Rodrigo Affonseca Bressan; Ana Cristina Chaves; Itiro Shirakawa; Jair de Jesus Mari

1998-01-01

160

Gender, Anxiety, and Depressive Symptoms: A Longitudinal Study of Early Adolescents  

ERIC Educational Resources Information Center

Does anxiety lead to depression more for girls than for boys? This study prospectively examines gender differences in the relationship between anxiety and depressive symptoms in early adolescence. One hundred thirteen 11- to 14-year-old middle school students complete questionnaires assessing depressive symptoms and three dimensions of anxiety…

Chaplin, Tara M.; Gillham, Jane E.; Seligman, Martin E. P.

2009-01-01

161

Validating the Center for Epidemiological Studies Depression Scale for Children in Rwanda  

ERIC Educational Resources Information Center

Objective: We assessed the validity of the Center for Epidemiological Studies Depression Scale for Children (CES-DC) as a screen for depression in Rwandan children and adolescents. Although the CES-DC is widely used for depression screening in high-income countries, its validity in low-income and culturally diverse settings, including sub-Saharan…

Betancourt, Theresa; Scorza, Pamela; Meyers-Ohki, Sarah; Mushashi, Christina; Kayiteshonga, Yvonne; Binagwaho, Agnes; Stulac, Sara; Beardslee, William R.

2012-01-01

162

2 Towards the study of functional brain development in depression: An Interactive 3 Specialization approach  

E-print Network

U N C O R R E C T E D P R O O F 1 Review 2 Towards the study of functional brain development Brain 21 Brain development 22 Interactive Specialization 23 Preschool depression 24 Pediatric depression synthesizing established models 29of depression and normative brain development may help to overcome them. More

163

Depressive Symptoms among Children and Adolescents in Iran: A Confirmatory Factor Analytic Study of the Centre for Epidemiological Studies Depression Scale for Children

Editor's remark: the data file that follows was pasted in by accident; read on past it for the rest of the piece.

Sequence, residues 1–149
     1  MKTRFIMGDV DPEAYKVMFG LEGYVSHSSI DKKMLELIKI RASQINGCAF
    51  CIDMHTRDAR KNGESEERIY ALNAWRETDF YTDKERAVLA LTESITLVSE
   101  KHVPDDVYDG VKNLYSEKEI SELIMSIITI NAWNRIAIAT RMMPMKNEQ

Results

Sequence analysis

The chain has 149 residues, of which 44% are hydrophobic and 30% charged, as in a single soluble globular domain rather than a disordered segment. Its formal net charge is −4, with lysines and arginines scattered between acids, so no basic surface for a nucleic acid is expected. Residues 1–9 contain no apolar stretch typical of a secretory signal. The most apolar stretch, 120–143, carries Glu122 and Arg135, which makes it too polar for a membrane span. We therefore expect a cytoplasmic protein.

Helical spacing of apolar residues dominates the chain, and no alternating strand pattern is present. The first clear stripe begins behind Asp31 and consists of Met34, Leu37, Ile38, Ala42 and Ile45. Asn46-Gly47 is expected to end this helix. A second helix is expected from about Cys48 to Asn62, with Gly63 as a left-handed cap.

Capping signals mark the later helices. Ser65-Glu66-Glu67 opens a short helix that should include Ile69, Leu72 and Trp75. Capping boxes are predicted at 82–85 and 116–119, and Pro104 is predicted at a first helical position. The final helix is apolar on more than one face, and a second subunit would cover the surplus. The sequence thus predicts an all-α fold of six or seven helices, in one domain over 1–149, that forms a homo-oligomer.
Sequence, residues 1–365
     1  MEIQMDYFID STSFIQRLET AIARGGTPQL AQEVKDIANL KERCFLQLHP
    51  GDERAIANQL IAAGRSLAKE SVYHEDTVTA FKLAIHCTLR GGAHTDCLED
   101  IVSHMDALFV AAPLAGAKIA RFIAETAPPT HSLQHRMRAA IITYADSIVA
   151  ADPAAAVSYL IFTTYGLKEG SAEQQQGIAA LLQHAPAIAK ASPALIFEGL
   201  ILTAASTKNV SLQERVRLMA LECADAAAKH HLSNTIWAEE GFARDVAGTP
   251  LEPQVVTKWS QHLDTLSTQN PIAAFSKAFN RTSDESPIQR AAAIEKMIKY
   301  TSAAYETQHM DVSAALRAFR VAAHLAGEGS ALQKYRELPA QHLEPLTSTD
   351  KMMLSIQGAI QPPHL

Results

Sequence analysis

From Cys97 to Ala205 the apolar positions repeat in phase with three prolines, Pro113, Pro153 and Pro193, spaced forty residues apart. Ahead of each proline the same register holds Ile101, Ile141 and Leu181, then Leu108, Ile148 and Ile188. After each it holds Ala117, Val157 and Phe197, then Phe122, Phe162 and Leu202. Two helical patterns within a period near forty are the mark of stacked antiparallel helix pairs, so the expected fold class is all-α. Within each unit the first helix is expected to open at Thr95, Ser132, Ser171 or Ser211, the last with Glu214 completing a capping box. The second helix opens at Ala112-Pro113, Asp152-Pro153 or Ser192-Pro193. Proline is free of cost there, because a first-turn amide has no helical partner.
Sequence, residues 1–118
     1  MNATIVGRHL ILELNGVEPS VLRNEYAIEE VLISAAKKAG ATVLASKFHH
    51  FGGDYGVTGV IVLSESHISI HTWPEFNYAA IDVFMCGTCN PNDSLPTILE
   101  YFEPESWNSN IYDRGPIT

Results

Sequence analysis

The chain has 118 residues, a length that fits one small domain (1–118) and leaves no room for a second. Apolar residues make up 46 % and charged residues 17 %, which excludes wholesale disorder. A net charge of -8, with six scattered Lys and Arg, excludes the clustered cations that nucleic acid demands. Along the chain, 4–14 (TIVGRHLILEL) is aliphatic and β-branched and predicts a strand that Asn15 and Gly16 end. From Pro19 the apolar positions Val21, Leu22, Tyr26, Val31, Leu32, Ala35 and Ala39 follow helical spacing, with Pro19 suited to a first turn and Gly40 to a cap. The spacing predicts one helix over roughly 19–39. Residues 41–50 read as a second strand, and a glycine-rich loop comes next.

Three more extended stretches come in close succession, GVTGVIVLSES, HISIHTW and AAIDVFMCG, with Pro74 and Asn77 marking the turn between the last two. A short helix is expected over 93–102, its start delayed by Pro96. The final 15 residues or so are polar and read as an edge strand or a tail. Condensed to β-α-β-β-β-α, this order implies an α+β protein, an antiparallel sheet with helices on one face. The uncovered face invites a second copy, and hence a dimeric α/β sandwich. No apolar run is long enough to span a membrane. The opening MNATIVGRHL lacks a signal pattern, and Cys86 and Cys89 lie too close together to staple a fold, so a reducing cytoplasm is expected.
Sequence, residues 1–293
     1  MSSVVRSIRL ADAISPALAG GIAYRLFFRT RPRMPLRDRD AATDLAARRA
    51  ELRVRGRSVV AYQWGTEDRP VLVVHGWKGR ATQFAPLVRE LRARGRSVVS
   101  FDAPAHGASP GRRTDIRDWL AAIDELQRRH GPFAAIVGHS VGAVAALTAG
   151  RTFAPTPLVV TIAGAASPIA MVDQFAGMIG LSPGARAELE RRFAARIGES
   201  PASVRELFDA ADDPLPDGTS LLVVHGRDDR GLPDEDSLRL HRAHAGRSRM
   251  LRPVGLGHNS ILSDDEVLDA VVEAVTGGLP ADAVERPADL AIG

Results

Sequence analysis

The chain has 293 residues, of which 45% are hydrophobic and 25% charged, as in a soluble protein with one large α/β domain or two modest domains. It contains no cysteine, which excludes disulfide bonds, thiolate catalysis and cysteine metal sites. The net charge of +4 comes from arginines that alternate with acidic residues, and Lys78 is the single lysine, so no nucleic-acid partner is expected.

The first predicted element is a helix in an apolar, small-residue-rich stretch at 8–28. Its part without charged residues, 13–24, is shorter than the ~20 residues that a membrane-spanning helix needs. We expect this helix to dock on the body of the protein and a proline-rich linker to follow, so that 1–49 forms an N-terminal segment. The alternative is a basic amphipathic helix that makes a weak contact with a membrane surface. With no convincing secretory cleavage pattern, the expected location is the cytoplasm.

ERIC Educational Resources Information Center

This study investigated the psychometric properties of the Iranian translation of the Centre for Epidemiological Studies Depression Scale for Children (CES-DC) in school children and adolescents in Iran. The CES-DC is a 20-item self-report scale designed to measure depressive symptoms in children and adolescents. A total of 1,984 children and…

Essau, Cecilia A.; Olaya, Beatriz; Pasha, Gholamreza; Gilvarry, Catherine; Bray, Diane

2013-01-01

164

Evidence-Based Psychosocial Treatments for Child and Adolescent Depression  

Microsoft Academic Search

The evidence-base of psychosocial treatment outcome studies for depressed youth conducted since 1998 is examined. All studies for depressed children meet Nathan and Gorman's (2002) criteria for Type 2 studies whereas the adolescent protocols meet criteria for both Type 1 and Type 2 studies. Based on the Task Force on the Promotion and Dissemination of Psychological Procedures guidelines, the cognitive-behavioral

Corinne David-Ferdon; Nadine J. Kaslow

2008-01-01

165

Evidence-Based Psychosocial Treatments for Child and Adolescent Depression  

ERIC Educational Resources Information Center

The evidence-base of psychosocial treatment outcome studies for depressed youth conducted since 1998 is examined. All studies for depressed children meet Nathan and Gorman's (2002) criteria for Type 2 studies whereas the adolescent protocols meet criteria for both Type 1 and Type 2 studies. Based on the Task Force on the Promotion and…

David-Ferdon, Corinne; Kaslow, Nadine J.

2008-01-01

166

Study of proportion and determinants of depression among college students in Mangalore city  

PubMed Central